Development : SHi-ZEN Project/Tripod Design Inc.
-The Japanese ethnicity is imbued with a sensitivity that loves delicate tones of color. This prototype/ awai(淡) is a prototype that crosses such a sense with a base of Japanese paper laid with dots and imagines the decomposition and recomposition of life.
The compost and the soil (Ibaraki) are blended to create a ambiguous color gradation but different world of color.
[The possibility of paints born from compost and soil of food residues]
What if the food we leave behind could become paints and paints, and generate electricity?
We were asked to create a work of art for a Japanese company that is working on such an interesting project.
The other day, it was exhibited at the eve of the SB International Conference 2023 held in Yurakucho.
The commission to create a piece with soil, water, and Japanese paper that shows where it was collected and how it became a material was like going back to playing in the mud when I was a child.
Sustainable Brands Japan
Thank you for coming today to the Domain of Art 28, Sakuho Ito Solo Exhibition, “ORIGIN” at Plaza North, Saitama City. ( 2022.02~03 )
Ito Sakuho, based on the sense of tranquility derived from her childhood experiences in the natural environment, has presented two-dimensional and three-dimensional works as well as installation art using Sabi Washi (a type of Japanese paper made using Ito’s unique methods), paint, natural mineral pigments and Japanese ink at exhibitions held both in Japan and abroad.
Artwork and images created by Ito are oftentimes greatly influenced by materials of the land and the cultural climate.
In contemporary times when society calls for sustainability, these works represents beauty in “circulation”, “the process of rusting”, “decay” and “aging”; highlights emotions derived from ethnic traits; and questions coexistence between nature and humans.
In 2017, she studied under a craftsman to learn the technique for making Sekishu Washi, registered as a UNESCO intangible cultural heritage, and learned how to grow Kozo (paper mulberry), the raw material for making Washi. Ito, researching Washi from her undergraduate years, developed the Sabi Washi made using her unique methods.
This is often used as the primary material in Ito’s creations.
Sabi Washi is made by mixing metallic minerals with the raw materials Kozo and Mitsumata when handcrafting paper, resulting in paper with rust developing from natural oxidation being combined with fiber of Washi paper. While we may perceive the rusting process as a transition from the new to old, Ito perceives and expresses this process as the “cultivation of rust” and “a state where material has become stable”.
Ito values her connection with the raw materials used. Iron sand, an essential material for creating Sabi Washi was collected herself by the river and sea of her homeland in Shimane Prefecture, and Kozo grown in the Iwami region was used.
This exhibition presents Ito’s new works based on the theme of “tranquility”, the origin of Ito’s creations, and includes works expressing the connection and confrontation with nature through large installation arts, major two-dimensional pieces being premiered and three-dimensional pieces of a rock found at a dry riverbed near Ito’s Atelier in Yamanashi modelled using Washi paper.
Sakuho Ito has continuously challenged herself to find the value of Washi again in contemporary art as a material with its manufacturing methods being passed down from craftsman to craftsman over a period of more than 1,300 years up to the present.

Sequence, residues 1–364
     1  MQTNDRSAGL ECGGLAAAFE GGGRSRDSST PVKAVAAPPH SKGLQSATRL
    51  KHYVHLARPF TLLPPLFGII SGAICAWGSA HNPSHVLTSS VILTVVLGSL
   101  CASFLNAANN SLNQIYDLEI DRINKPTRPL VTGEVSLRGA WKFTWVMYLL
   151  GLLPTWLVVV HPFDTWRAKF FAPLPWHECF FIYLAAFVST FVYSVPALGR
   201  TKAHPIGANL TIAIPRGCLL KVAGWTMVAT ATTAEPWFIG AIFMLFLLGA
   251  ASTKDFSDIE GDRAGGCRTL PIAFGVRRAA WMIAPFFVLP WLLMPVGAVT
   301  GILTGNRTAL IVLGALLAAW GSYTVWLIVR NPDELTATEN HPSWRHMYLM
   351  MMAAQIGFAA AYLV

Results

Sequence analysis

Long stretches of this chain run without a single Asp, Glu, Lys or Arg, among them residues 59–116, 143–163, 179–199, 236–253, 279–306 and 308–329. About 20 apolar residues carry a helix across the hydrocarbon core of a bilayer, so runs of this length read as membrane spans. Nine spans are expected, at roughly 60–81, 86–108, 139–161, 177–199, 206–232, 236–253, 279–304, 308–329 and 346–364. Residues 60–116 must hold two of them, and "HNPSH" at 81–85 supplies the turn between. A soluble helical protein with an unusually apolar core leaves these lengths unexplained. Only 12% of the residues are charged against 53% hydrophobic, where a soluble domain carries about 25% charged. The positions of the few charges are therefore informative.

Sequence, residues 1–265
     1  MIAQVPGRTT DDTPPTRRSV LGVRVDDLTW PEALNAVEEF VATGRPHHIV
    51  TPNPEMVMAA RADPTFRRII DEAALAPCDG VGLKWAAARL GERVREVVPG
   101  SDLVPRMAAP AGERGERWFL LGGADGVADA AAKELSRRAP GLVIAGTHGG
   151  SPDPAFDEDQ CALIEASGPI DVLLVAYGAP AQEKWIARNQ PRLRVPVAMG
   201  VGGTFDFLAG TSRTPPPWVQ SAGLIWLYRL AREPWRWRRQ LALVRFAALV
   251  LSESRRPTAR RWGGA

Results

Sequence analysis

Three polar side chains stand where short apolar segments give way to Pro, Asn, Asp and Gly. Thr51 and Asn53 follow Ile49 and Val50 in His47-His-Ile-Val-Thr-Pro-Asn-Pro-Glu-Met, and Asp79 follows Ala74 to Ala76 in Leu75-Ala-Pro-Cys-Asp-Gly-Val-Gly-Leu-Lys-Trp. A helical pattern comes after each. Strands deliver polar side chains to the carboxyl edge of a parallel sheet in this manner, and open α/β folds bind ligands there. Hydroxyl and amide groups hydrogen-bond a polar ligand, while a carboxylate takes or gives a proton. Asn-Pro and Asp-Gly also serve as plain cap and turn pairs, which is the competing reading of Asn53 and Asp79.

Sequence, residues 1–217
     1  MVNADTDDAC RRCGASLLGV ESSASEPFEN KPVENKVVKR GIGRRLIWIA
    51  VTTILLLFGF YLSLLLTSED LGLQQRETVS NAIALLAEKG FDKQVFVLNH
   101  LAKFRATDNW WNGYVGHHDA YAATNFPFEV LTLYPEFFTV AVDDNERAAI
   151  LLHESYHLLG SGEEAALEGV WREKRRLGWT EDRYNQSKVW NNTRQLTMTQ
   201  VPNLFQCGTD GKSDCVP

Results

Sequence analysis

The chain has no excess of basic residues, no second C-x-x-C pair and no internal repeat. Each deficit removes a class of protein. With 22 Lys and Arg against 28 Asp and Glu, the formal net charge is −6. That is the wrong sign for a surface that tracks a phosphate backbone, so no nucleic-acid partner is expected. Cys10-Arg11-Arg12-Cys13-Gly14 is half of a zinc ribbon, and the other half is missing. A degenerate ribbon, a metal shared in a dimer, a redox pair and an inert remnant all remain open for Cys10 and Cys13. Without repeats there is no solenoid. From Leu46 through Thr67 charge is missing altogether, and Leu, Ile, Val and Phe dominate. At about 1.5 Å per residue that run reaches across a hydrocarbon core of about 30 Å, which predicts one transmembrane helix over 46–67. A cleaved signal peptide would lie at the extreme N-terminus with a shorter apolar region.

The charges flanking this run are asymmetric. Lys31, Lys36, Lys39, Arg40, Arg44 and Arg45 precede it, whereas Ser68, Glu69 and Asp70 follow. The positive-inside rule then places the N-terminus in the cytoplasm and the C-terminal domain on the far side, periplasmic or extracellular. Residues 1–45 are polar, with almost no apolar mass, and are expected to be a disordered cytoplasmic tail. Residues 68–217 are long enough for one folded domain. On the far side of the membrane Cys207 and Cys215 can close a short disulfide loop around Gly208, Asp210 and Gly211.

Artwork which convey the passing of time, evolution, expressing the mystical tranquility of nature will prompt the viewer to think about living in harmony with nature.
This is also deeply linked with the traits of oriental spirituality and mystique found in “zen” which recently, has also seen praise overseas.
Please enjoy conversing with the artwork created.
– ORIGIN –
I believe my early childhood was supported by the loneliness of my own existence.
While spending time in nature enveloped in loneliness, sleeping in the woods and gazing up at the stars standing on the asphalt road in complete darkness, it dawned upon me as a child, that in the stillness of my surroundings, the vastness of nature, its system, the gentle connection between matters; these were the “truth of the world”.
This might have been the primitive understandings of a child, a wild dream. However, unbeknownst to myself, this sensation has probably saved me in the past, present and will continue to do so in the future.
In a country with four seasons, the trees blush with autumnal colors and soon wither away, its leaves falling to the soil below in countless layers. “Why, after all these years after my birth, does the ground not rise with fallen leaves?”
My action to find the answer to this question was simple. Whenever I had some free time, I would go to the forest, lie sprawled on the ground and enjoy observing the top soil.
Ants slowly carried away a swallowtail butterfly that died yesterday or the day before in small pieces.
Small insects less than a millimeter wriggled between the leaves and soil.
A sweet, pleasant aroma drifted above the forest floor at the end of autumn.
When I realized that the fallen leaves are taken apart by microorganisms and insects and gradually broken down returning to soil, I was filled with a deep sense of comfort knowing that this was the truth of the world.
That moment of realization was also very calm and filled with stillness.
Back then, I could not express this excitement with words.
However, such questions and discoveries about nature being connected to my works of expression today always fill my spirit with curiosity and kindness.